As I let go of the T-bar and roll off the tube that carried me up the mountain, I take a deep breath and sit on my Zipfy, a strange-looking plastic gizmo with a handle. Then I take off, laughing and hooting, sliding so quickly that groups of young kids on the mountain dart out of the way to watch me speed by in awe. (In retrospect, I realize they were likely afraid I was out of control). Nonetheless, I haven’t had so much exhilarating fun in a long time. After a couple of tries, I get the hang of using my body weight to steer, rather than wearing holes in my gloves by dragging my hands.
The other options for sliding fun here at Parc du Mont Hatley, an old ski hill that has been cleverly transformed into the only alternative sliding centre in Quebec, are a GT racer or a large tire tube. I remember the GT racer from when my kids were young – those things are fast! But the tube seemed, well, just a bit tame. The Zipfy is perfect.
I’m in Quebec to explore winter activities. As a Canadian, seldom do I consider a snow destination as a winter getaway, so I am eager to check this out. Two days earlier, I’d arrived at Pierre Elliott Trudeau International Airport and made the hour drive to the Cantons de l’Est (Eastern Townships), a largely rural area scattered with quaint villages, farms, and lakes, in time to dine on a regional specialty, duck confit (raised just down the road at a 100-year-old farm) at the restaurant at Château Bromont, where I am staying.
My next day starts with a visit to the Centre National de Cyclisme de Bromont, a national cycling centre that, in 2000, bought the 1996 Atlantic Olympics velodrome. Nicolas Legault, the general manager, advises that in the summer it is used by athletes preparing for world competitions and the Olympics. According to Legault, to use the velodrome you must go through a try-out to ensure you can drop in to the 250-metre oval at 25 km/hour (or you will fall to the bottom of its steeply banked corners). I realize this counts me out, but as I stand at the top of the velodrome, I am in awe of those who can do this. The Centre also rents fat bikes, so I try a ride. I love the feeling of snow biking; like riding on air, the traction is good, even in the fresh snow.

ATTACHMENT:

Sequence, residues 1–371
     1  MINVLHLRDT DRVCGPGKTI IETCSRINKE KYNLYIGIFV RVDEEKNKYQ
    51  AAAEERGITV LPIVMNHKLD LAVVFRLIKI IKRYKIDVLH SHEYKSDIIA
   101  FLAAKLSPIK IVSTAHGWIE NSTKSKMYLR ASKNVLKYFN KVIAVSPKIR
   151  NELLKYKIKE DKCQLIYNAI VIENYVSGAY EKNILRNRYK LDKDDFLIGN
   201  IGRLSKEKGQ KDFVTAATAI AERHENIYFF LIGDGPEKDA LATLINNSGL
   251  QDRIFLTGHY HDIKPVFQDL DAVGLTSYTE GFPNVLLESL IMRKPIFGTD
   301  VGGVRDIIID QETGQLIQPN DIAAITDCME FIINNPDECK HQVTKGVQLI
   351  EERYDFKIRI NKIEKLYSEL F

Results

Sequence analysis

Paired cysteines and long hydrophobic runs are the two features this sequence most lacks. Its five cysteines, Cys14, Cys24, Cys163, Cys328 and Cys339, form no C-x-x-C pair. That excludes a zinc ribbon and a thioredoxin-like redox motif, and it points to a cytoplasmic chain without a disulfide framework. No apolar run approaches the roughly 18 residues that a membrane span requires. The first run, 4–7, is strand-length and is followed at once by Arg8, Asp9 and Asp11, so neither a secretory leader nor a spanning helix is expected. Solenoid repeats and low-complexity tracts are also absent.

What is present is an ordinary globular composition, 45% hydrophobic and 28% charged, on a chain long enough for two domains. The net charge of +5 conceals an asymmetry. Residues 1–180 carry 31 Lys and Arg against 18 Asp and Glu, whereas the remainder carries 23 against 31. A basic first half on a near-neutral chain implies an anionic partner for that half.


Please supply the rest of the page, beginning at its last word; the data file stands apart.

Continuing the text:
Later, as I continue towards Bromont Sur-de-Lac, I pass beautiful wine estates and rows of bare, snow-covered vines overlooking Lac Brome. I arrive at Balnea Spa, a thermotherapy spa located on a 400-acre private forest reserve. The facility boasts several different saunas and pools, a lounge and a restaurant for healthy fine dining, a sweat lodge and even a waterfall overlooking a private lake.
As he hands me my robe and a water bottle to stay hydrated, my host, Charles, says it is best for the health to follow the traditional three-step thermotherapy cycle: 15 minutes in hot, 15 seconds in a cold plunge (head and all) and 15 minutes rest. Repeat as desired. At Balnea, there are so many different combinations and permutations of hot-cold-rest options that you would be hard-pressed to try them all in one day. Although I’m told that Quebec has a spa culture, I can’t believe the price for all of this luxury is only $60 for the day, or $135 with a massage.